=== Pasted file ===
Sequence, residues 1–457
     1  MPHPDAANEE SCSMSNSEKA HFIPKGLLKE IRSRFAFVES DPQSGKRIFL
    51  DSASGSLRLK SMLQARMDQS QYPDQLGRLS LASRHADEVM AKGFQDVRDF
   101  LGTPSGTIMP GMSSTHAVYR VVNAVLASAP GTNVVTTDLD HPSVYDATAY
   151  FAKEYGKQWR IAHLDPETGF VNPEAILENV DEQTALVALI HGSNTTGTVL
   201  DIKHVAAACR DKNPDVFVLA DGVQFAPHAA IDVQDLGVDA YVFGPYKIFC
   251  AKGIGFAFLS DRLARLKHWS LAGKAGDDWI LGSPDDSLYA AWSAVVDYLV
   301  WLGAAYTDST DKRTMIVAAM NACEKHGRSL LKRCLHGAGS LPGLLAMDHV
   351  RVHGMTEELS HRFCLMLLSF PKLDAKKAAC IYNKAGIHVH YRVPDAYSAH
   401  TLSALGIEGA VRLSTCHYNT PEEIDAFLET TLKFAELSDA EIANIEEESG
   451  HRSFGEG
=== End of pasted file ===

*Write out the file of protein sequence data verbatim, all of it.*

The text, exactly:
Sequence, residues 1–457
     1  MPHPDAANEE SCSMSNSEKA HFIPKGLLKE IRSRFAFVES DPQSGKRIFL
    51  DSASGSLRLK SMLQARMDQS QYPDQLGRLS LASRHADEVM AKGFQDVRDF
   101  LGTPSGTIMP GMSSTHAVYR VVNAVLASAP GTNVVTTDLD HPSVYDATAY
   151  FAKEYGKQWR IAHLDPETGF VNPEAILENV DEQTALVALI HGSNTTGTVL
   201  DIKHVAAACR DKNPDVFVLA DGVQFAPHAA IDVQDLGVDA YVFGPYKIFC
   251  AKGIGFAFLS DRLARLKHWS LAGKAGDDWI LGSPDDSLYA AWSAVVDYLV
   301  WLGAAYTDST DKRTMIVAAM NACEKHGRSL LKRCLHGAGS LPGLLAMDHV
   351  RVHGMTEELS HRFCLMLLSF PKLDAKKAAC IYNKAGIHVH YRVPDAYSAH
   401  TLSALGIEGA VRLSTCHYNT PEEIDAFLET TLKFAELSDA EIANIEEESG
   451  HRSFGEG